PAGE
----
A new study polled Hurricane Irma survivors in Florida.

By Kimberly Holland
January 14, 2019

For people who live in the path of a hurricane, the days before the storm hits are filled with boarding up homes and businesses, tying down boats, and preparing for power and water outages.

In between, there's watching, reading, and listening to the latest news about the storm's location, strength, and projected path. And while it’s imperative to stay updated in order to stay safe, new research says that consuming too much pre-storm news can actually have adverse effects.

In a study published in JAMA Network Open, researchers from University of California Irvine report that people who watch or read media in the days before a hurricane makes landfall are more likely to have negative mental health outcomes after the storm has passed. The more media consumed, the greater the impact.

That’s because of a unique factor the researchers call forecasted posttraumatic stress responses. The UCI researchers use this term to explain the pre-storm psychological predictions people make about themselves for post-storm life.

“Individuals who anticipated being particularly stressed afterward were paying a lot more attention to the media in that pre-storm period, at a time when uncertainty was high, and the media was sensational,” Roxane Cohen Silver, a professor of psychological science at the University of California Irvine, and the senior author of the study, told the Tampa Bay Times.

For this study, Silver and her fellow researchers sent a smartphone survey to 1,600 Floridians between the ages of 18 and 91 in the 60 hours immediately prior to Hurricane Irma’s landfall in September 2017. The survey asked participants to record how much time they had spent watching TV, scrolling social media, listening to the radio, or reading print news.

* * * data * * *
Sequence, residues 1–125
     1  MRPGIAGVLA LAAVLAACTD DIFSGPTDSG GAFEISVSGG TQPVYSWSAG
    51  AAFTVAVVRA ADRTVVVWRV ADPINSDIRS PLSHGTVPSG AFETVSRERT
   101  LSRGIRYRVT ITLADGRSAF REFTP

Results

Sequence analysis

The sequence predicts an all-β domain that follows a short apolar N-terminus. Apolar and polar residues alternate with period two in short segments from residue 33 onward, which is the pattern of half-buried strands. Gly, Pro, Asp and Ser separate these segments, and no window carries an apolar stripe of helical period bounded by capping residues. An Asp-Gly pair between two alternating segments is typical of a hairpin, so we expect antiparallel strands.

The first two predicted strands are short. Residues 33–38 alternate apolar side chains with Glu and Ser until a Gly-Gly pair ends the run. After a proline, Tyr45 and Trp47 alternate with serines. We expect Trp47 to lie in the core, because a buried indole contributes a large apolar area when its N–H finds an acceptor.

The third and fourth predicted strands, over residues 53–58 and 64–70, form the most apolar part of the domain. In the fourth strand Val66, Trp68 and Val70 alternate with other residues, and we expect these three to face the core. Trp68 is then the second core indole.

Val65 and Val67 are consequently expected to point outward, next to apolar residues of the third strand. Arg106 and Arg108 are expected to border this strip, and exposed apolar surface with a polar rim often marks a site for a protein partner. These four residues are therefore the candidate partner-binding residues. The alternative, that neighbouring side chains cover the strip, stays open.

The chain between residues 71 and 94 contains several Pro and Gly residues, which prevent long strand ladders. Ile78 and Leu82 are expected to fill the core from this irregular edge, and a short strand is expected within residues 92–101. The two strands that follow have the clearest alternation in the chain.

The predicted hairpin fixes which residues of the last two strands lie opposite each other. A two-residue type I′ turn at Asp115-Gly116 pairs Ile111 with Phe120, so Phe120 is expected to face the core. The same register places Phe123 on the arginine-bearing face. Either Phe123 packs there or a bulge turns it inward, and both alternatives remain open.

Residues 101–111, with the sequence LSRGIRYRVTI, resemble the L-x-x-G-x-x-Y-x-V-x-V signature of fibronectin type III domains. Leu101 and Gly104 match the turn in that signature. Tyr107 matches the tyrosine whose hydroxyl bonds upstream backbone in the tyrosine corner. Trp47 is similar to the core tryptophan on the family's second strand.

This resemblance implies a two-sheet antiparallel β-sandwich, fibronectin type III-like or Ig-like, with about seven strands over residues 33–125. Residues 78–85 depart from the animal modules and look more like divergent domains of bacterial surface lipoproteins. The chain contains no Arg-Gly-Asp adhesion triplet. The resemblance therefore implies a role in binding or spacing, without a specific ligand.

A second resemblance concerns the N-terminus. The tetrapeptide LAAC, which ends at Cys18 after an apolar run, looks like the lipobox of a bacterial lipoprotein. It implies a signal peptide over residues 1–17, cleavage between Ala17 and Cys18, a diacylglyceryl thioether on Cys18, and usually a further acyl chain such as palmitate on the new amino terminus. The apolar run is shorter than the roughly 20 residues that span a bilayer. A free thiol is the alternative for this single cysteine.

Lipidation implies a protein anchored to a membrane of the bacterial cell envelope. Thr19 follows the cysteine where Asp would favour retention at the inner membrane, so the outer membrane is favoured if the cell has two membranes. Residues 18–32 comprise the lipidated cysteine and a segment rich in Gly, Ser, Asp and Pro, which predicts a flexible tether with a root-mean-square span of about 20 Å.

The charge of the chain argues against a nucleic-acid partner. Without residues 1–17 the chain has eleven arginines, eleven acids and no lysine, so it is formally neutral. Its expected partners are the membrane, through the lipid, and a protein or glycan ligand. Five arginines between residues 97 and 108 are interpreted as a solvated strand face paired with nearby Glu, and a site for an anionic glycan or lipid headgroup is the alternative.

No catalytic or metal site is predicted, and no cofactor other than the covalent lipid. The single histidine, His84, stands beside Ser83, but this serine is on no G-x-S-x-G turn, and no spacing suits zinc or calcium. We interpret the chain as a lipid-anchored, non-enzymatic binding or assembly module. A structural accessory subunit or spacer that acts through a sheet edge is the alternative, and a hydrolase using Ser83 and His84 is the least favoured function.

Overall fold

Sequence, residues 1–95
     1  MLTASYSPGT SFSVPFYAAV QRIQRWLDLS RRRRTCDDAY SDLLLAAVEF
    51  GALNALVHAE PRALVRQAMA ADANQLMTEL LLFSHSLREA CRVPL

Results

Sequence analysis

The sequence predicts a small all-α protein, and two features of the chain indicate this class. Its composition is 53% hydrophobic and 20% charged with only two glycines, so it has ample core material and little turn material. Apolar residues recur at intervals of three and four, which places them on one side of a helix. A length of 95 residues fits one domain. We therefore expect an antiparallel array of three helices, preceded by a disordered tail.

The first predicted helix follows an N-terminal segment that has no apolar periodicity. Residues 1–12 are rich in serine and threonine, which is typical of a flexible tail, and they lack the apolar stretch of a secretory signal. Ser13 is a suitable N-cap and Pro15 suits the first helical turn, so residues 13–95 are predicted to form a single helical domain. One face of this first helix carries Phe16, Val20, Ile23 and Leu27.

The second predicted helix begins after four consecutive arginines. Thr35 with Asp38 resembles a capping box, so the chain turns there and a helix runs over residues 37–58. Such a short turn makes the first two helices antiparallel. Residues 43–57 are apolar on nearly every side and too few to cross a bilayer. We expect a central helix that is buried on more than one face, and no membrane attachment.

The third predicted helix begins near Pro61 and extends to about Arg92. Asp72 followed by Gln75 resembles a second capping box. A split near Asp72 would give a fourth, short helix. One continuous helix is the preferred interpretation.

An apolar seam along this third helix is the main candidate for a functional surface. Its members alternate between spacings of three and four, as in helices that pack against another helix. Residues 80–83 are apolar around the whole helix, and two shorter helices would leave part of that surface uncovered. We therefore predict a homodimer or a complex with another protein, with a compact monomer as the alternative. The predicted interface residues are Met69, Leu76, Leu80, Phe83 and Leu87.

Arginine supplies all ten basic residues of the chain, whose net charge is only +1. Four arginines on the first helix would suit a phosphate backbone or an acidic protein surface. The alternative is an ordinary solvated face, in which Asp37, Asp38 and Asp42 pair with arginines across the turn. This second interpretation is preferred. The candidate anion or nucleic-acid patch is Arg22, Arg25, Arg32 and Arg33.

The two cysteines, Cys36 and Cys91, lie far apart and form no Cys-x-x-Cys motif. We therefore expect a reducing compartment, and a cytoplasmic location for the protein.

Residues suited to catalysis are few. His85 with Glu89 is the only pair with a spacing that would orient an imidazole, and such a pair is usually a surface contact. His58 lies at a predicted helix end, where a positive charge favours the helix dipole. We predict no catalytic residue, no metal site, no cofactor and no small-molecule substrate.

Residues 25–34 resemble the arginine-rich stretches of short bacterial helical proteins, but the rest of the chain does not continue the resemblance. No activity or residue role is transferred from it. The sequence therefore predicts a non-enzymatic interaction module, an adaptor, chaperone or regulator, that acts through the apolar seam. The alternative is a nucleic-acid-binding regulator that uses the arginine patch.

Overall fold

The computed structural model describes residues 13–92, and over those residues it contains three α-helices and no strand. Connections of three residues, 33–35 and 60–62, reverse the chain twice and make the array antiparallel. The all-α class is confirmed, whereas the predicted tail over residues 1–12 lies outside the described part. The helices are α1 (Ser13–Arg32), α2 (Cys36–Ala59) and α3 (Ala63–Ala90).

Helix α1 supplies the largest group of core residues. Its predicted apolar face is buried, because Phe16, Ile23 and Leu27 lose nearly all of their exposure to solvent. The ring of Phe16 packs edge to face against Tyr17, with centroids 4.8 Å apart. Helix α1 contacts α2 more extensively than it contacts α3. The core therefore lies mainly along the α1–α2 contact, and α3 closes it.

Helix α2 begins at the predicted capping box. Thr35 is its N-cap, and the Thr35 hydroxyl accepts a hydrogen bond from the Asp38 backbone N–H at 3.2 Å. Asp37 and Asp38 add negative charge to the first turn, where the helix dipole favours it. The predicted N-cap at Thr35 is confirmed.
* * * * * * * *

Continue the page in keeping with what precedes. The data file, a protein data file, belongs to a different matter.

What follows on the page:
A month later, the researchers sent a follow-up survey to those same participants, and 90 percent responded. This second survey asked them to record their stress and mental health in the days since the storm made landfall in the Florida Keys and Monroe County as a category 4 storm.

What they found was that people who reported watching the most news in those pre-landfall days were “repeatedly ruminating or feeling anxious in the aftermath,” Silver told the South Florida Sun Sentinel.

Now that their research has identified the role pre-storm psychological stress can have on post-storm mental health outcomes, Silver hopes it will pave the way for improved hurricane-related communications from emergency management personnel and public health officials.

They also point to the importance of consuming media, in all its forms, with an eye toward safeguarding your own mental health. If you stay glued to your TV, you may succumb to stress, anxiety, and other mental health issues as a result.

“One of the important messages from this is that people should pay attention to the amount of media they’re exposed to," Silver told the Tampa Bay Times. "We’re not suggesting not paying attention. But the degree to which they’re immersed—if the radio or TV is on in the background as they scroll through social media—about an uncertain threat takes a toll."

To make hurricane preparedness as smooth as possible, have a plan in place before there’s a hint of a storm. Devise a plan for your family (including pets and livestock), home, boat, and other belongings. Here are helpful links: